thank you. There is generally in English law no presumption of a gift when somebody give something to somebody else but there are certain narrow categories of relationship where a presumption of a gift does arise which includes father and child.
As such, there would be a presumption that the transfer of the property to you amounted to a gift unless you are able to prove otherwise which may not be an outcome which is desirable from the point of your capital gains tax.
In terms of capital gains tax, if you have not been living at the property for the entire period since your father transfer the property to you, capital gains tax would apply for any periods you have been absent from the property unless you own more than one property and made an election to HMRC nominating the property as your main residence which I will assume you have not done unless you tell me differently.
As such, if you decide to sell or gift the property to your mother, this would amount to a disposal for capital gains purposes and there would be a capital gains tax assessed on the increase in value of the property as between the transfer into your name and the date you transfer it to your mother based on its market value whether or not you sale or gifted to her. As such, it may be that transferring it to your mother may not be the most tax efficient decision to make.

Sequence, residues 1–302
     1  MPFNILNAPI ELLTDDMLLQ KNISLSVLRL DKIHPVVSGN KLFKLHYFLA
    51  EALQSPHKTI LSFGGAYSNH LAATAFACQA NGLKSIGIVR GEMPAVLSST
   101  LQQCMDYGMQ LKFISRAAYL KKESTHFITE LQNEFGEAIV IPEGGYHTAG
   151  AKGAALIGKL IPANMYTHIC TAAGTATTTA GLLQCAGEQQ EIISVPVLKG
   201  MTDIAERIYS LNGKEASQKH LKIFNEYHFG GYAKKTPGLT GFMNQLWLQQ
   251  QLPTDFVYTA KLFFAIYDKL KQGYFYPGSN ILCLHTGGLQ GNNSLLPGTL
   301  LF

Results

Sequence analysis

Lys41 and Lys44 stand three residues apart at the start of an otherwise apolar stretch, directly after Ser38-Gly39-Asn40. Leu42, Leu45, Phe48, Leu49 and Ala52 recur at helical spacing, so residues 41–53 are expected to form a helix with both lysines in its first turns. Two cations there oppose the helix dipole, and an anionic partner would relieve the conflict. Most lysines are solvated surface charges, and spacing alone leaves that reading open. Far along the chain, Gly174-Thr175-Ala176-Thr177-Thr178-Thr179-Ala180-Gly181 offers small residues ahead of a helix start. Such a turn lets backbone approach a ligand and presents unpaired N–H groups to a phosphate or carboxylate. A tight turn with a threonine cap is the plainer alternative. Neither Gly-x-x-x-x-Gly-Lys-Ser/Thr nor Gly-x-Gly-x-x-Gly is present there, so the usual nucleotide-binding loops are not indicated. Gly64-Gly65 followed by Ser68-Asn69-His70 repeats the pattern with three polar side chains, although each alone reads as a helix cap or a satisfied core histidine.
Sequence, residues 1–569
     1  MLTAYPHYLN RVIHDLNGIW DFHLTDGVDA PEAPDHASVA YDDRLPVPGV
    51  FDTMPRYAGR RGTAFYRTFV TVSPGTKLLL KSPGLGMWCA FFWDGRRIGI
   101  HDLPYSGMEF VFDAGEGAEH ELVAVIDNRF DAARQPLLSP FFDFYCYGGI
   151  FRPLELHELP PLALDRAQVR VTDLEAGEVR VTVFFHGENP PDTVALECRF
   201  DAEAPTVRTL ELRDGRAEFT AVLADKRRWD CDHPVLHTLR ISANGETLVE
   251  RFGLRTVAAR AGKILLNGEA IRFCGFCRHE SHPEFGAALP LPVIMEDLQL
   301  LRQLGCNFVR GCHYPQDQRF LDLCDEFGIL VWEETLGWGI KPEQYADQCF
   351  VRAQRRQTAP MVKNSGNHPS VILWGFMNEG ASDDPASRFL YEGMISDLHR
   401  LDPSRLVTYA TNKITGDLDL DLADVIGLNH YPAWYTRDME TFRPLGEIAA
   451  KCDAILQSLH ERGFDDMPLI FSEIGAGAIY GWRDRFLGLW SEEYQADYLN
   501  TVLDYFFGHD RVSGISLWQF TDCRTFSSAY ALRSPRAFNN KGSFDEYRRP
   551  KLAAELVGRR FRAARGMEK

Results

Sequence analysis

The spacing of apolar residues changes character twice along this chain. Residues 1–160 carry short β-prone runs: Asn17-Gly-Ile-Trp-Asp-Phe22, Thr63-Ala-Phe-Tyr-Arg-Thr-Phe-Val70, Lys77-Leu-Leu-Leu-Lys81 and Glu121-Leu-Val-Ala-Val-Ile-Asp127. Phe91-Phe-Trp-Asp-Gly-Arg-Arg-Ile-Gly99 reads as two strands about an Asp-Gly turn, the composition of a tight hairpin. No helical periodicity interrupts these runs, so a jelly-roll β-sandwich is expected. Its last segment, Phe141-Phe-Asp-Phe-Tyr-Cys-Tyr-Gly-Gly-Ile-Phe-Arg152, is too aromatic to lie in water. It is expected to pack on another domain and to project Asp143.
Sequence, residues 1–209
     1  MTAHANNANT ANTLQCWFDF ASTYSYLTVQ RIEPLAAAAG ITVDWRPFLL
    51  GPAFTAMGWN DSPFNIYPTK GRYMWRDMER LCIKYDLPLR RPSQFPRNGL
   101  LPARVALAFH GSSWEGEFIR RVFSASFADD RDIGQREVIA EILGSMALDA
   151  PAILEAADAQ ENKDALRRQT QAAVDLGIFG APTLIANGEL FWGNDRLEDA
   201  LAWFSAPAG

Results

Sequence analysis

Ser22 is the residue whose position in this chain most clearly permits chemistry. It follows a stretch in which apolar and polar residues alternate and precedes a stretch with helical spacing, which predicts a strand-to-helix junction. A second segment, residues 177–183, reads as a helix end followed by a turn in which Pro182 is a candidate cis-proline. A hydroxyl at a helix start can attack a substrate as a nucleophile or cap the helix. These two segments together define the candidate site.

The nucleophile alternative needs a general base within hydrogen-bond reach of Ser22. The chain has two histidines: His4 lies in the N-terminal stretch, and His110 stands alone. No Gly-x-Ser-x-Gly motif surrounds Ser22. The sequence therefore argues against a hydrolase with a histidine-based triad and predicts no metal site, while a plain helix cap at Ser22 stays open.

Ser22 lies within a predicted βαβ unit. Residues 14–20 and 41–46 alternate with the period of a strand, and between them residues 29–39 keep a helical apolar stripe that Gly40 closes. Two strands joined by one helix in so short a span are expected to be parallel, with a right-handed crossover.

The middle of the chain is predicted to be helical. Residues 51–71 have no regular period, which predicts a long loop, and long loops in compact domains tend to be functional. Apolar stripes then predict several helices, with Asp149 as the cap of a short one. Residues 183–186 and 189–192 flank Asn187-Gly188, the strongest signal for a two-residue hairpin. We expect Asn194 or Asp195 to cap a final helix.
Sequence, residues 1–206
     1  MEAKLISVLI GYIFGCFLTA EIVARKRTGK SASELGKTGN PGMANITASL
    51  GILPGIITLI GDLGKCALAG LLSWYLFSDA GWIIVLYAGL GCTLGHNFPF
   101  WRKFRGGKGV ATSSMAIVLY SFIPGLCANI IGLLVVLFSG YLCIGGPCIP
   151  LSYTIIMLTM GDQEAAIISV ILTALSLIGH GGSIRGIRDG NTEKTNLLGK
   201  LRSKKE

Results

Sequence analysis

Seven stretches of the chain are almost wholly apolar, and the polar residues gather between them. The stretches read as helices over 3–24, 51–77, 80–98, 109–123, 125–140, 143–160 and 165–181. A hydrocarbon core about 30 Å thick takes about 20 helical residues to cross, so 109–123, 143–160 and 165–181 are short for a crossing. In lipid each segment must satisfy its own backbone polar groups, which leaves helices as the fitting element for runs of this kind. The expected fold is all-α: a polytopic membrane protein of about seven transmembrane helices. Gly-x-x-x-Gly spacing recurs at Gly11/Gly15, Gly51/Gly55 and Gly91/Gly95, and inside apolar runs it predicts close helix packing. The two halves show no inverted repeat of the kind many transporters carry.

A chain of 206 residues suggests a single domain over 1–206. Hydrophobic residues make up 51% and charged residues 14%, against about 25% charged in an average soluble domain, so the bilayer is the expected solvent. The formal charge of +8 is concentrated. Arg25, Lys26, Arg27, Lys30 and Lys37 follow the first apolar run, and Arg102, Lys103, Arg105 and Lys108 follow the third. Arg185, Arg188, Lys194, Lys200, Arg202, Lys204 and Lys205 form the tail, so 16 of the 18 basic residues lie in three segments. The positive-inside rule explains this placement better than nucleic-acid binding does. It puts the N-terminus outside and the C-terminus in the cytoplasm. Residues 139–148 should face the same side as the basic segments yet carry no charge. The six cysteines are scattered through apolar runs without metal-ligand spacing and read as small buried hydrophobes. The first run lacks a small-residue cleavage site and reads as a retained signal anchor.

The position would be different if you were able to show for example that your mother was given a right of occupation in the property because this would potentially allow you to apply for relief in respect of capital gains tax but from what you say, this was not the case.